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Now I need to apply what I learned from Nancy to this little prize!

Come on, Sister, we can do this!

(NOTE: This is not a comprehensive guide to maintaining your machine, but rather a summary. Contact Nancy for expert advice or research the process via YouTube videos.)

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Tools to make stitches bloom

FL Sister id tagI’ll never be a master gardener. I have faced that reality and I’m really okay with that. Proof of that is easy to find.

For instance, there is the one out of three survival rate in my lavender planting attempts.

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Is that the surviving one or the dead one?

And the fact that I lovingly wrapped a ‘ grapevine’ around our creek side swing only to be told it was in fact a noxious briar vine.

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It really would look better with a vine wrapped around it.

Not to be forgotten is the result of my attempt to root a rose bush by sticking it in a potato.

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(I followed the Pinkest directions very, very carefully)

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Technically, something I planted DID grow!

The rose stalk died and the potato flourished.

I truly think I’m on the National Horticultural Watch List.

So, you can see that as far as gardening goes, it’s a matter of wisdom to keep my tools and my expectations on the same level-simple and few.

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In the quilting studio I have a different approach. I want my tools to exceed my current level of activity and expertise. I need tools that pull me to the next level. I crave tools that expand my abilities.

Applecore_Template_Simple_W600 I value tools that inspire me to try new techniques and explore new avenues of creativity. Nothing raises the fun meter like discovering a tool that makes me look better than I really am!

Hexagon_Set-no fussy cut cropped

 

You’ll find some of our favorite tools on the Tools tab.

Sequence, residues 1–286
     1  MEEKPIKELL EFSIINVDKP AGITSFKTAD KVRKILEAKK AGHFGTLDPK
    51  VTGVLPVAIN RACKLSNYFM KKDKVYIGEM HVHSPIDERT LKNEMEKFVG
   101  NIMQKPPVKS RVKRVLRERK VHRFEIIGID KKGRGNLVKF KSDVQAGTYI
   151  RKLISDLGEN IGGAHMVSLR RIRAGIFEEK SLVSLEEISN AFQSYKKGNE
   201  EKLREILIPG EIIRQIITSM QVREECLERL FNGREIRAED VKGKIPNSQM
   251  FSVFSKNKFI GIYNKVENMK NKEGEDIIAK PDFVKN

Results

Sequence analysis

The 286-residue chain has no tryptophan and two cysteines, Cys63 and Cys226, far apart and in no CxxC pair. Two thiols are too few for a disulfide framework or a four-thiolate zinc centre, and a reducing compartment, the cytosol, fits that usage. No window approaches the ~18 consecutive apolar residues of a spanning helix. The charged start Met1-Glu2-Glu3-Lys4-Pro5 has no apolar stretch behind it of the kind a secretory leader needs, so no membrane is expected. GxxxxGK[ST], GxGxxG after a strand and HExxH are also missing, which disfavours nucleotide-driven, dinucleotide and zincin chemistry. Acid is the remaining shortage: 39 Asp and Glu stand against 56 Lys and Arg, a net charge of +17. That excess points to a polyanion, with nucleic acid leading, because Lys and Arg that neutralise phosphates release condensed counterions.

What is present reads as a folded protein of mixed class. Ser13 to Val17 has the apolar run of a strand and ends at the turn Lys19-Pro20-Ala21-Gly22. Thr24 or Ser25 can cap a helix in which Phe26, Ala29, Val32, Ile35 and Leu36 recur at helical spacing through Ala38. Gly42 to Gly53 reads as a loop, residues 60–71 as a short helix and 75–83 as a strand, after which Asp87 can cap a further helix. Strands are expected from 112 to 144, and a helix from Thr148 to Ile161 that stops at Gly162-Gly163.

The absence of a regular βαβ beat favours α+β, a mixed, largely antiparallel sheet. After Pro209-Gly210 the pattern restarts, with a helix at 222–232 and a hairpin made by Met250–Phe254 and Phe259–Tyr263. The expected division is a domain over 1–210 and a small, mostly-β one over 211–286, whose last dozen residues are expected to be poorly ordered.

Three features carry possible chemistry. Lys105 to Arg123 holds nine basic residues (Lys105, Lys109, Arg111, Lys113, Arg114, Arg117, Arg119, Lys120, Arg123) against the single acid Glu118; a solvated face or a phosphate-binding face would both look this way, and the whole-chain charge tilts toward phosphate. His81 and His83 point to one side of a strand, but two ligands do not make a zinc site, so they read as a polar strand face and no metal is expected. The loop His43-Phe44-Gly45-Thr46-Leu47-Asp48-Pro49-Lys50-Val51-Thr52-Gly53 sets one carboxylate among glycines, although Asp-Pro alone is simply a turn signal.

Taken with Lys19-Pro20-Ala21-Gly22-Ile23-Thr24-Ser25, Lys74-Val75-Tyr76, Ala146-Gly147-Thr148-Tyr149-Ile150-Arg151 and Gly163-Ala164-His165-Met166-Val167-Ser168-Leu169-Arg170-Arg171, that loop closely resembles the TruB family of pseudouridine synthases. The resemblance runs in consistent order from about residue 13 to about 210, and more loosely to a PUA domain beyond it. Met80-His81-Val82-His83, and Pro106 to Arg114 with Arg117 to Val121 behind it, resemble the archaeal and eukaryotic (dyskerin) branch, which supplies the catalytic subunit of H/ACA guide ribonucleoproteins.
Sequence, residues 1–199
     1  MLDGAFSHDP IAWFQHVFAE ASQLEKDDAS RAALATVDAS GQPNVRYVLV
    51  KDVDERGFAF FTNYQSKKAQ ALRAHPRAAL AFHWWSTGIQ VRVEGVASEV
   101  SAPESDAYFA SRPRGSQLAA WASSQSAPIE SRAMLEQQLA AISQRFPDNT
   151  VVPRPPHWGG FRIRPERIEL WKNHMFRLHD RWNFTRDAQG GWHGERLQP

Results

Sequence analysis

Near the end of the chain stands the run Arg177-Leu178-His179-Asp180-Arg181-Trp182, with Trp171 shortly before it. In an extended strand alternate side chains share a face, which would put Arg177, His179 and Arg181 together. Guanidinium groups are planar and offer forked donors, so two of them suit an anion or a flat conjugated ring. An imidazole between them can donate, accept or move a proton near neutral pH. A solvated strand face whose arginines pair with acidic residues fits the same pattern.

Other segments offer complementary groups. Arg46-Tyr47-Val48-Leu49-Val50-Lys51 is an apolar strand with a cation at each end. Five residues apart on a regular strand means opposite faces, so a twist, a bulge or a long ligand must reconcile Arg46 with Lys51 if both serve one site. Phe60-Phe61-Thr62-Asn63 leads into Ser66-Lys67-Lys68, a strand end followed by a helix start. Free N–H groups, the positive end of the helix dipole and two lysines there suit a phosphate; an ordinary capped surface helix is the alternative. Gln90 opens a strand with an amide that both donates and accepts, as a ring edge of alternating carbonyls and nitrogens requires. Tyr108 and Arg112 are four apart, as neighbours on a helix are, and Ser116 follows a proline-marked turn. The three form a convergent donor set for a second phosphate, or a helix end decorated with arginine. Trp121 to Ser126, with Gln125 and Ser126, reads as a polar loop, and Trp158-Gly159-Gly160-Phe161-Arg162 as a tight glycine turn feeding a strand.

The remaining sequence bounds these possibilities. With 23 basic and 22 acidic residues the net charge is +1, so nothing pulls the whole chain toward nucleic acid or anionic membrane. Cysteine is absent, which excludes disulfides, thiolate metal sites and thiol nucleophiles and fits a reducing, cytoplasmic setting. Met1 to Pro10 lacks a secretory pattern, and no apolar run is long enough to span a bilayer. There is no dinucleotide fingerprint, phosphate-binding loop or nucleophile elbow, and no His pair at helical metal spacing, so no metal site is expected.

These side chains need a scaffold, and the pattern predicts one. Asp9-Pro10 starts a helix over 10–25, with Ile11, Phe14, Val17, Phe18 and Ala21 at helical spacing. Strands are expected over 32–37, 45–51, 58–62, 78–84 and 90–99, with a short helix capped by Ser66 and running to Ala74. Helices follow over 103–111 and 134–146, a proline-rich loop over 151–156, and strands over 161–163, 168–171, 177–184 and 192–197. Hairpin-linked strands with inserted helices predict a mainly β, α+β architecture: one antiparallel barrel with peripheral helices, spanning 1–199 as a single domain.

And we’d love to hear from you when you find a tool that excites you, too. Especially those that bring more success than my roses attempt.

PS – You can be sure I’d welcome any tips you want to leave about gardening in North Florida especially tips about plants that are “neglect tolerant” or have been successfully grown by small children.

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Great tools make life easier!

FL Sister id tagThe words The Dietz most dreads to hear are “Honey, you could totally make that!” And because my confidence in his many abilities comes to the surface so often, he has developed a sure fire, safe guard response. “I would LOVE to do that but I just don’t have the right tools. You need great tools to do something like that.”

However, I have noticed that he is really good at finding great tools for the projects that spring from his own priority list. Tools like:

tools1mowerchain saw

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Now, least you think I such got some random photos off the internet, I want to tell you that I am currently at the end of a two week trip west and while I’ve been traveling The Dietz has been sending me photos of his treasure hunting at garage sales (except for the lawn mover). He is accumulating quite a stash! I’m thinking I need to get home quickly.

However, the up side is that I have learned to use that same rationale in the quilting studio.

Great tools make great things happen!

Whenever some great tools come through our lives, we Sisters will pass along a recommendation on our Tools page.

45R-thumb $25Ergo Cutters

Martelli MinMiter SETMinute Miters

FMHoop%20pairTHMQuilting Hoops

Be sure to click on over to that TOOLS page to find some tools that will ease your stitching life!

(You can get these from us by sending an email  – SistersAtHeartMilesApart@gmail.com – to place an order.)